The entire skin surface should be examined as well as hair, nails and mucosal surfaces. This may require a chaperone. Explain the necessity of complete examination to the patient. Use an appropriate light source and magnification. Identify the presenting complaint and incidental skin conditions (especially skin cancers). Have you found solitary lesions or a widespread rash?
Assess distribution, morphology and arrangement i.e. the number, size and colour of skin lesions, which sites are involved, their symmetry, shape and arrangement. What types of lesions are present? (The next section of this course outlines the correct terminology to use.)
Touch the skin to palpate individual lesions and more diffuse rashes, noting surface and deep characteristics. Does the lesion involve epidermis, dermis or subcutis? If scaly, does the surface flake off easily? If crusted, what is underneath?
Look carefully for signs of systemic disease, such as xanthomas (hyperlipidaemia), café-au-lait macules (neurofibromatosis), acanthosis nigricans (insulin resistance) etc.
Examine the hair and nails (described in later sections of this course). Mucosal surfaces include conjunctivae, lips, gums, tongue, and buccal mucosa. Genital examinations are only required if related to the presenting complaint. Specific permission should be obtained for genital examination and a chaperone should be available to the patient.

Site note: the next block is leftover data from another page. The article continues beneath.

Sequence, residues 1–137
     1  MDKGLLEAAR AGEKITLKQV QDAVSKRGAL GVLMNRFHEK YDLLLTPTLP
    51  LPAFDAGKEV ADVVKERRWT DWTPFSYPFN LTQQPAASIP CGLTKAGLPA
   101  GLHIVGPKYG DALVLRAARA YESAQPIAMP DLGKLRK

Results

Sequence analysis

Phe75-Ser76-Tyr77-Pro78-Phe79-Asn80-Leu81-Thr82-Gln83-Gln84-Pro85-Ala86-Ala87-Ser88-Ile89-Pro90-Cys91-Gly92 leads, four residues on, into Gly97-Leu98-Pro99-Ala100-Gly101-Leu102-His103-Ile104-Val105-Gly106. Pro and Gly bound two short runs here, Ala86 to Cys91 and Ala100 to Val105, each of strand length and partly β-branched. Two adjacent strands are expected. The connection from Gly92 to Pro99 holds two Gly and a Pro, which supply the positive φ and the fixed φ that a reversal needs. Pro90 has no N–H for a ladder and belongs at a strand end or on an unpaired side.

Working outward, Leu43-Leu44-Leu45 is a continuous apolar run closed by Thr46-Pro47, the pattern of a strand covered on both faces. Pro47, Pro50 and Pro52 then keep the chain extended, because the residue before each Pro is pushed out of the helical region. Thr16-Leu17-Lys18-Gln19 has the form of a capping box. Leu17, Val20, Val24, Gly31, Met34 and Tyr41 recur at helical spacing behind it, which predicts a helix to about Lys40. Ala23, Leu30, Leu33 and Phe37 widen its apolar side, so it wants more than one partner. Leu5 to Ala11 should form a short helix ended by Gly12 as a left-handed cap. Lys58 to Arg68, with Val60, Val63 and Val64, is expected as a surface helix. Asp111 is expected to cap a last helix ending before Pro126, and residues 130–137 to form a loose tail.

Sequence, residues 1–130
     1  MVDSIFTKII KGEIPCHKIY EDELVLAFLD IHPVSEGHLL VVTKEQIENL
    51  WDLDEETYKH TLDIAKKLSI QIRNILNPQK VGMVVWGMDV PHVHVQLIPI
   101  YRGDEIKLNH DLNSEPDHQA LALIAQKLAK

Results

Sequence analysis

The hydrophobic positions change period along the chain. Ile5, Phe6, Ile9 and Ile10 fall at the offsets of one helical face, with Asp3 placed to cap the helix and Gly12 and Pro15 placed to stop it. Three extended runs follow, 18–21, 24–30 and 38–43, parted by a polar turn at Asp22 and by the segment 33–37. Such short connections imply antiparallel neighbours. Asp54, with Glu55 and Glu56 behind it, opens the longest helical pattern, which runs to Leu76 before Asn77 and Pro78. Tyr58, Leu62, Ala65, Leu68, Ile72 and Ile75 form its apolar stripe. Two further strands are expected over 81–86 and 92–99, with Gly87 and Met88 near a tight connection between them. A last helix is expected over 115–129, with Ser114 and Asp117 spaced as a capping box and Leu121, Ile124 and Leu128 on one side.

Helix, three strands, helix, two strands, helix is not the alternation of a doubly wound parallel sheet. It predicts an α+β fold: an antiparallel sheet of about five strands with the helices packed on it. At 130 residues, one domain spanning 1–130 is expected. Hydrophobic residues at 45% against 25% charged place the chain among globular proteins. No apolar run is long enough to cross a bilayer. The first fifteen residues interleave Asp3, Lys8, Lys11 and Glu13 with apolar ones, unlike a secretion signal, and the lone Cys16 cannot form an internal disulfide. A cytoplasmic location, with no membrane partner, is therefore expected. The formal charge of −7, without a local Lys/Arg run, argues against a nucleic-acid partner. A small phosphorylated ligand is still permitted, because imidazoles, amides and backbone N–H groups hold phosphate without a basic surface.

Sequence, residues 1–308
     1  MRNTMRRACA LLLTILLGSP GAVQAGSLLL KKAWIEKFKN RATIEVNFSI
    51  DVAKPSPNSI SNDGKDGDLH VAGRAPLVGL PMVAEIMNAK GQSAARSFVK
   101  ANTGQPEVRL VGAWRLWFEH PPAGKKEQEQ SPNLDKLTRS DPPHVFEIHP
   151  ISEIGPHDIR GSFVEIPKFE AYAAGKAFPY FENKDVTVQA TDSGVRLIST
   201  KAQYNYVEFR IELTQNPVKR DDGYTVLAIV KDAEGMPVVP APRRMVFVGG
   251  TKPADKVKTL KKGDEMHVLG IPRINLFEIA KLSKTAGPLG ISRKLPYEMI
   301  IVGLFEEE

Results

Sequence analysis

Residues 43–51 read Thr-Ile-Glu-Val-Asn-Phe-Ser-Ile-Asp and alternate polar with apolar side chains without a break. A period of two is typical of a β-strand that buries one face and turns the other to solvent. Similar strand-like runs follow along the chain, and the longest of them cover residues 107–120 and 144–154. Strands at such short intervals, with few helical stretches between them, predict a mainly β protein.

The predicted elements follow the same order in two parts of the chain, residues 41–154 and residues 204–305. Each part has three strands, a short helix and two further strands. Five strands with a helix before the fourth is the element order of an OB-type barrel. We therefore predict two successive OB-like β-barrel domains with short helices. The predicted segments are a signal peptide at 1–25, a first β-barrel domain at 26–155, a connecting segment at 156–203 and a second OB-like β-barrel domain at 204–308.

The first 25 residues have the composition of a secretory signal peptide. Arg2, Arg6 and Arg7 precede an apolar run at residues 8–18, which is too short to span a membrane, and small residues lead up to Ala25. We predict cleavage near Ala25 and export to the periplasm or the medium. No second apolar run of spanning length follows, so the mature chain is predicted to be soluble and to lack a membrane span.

Finally, where indicated by symptoms or clinical signs, perform a general physical examination that may include height, weight, temperature, cardiovascular/respiratory assessment and so on.
Specialised techniques used in examination of the skin include:
Less dermatologically specific tests include:
These procedures will be described in later topics where relevant to specific skin conditions.
Discuss the difficulties of examining the skin during a telemedicine consultation using still or video images.
Online continuing medical education designed for health professionals and students.
Learning objectives will be listed for each topic.
Developed in collaboration with the University of Auckland Goodfellow Unit in 2007.
Author: Hon A/Prof Amanda Oakley, Dermatologist, Hamilton, New Zealand, 2008.
Images have been sourced from the following:
© 2018 DermNet New Zealand Trust.
DermNet NZ does not provide an online consultation service. If you have any concerns with your skin or its treatment, see a dermatologist for advice.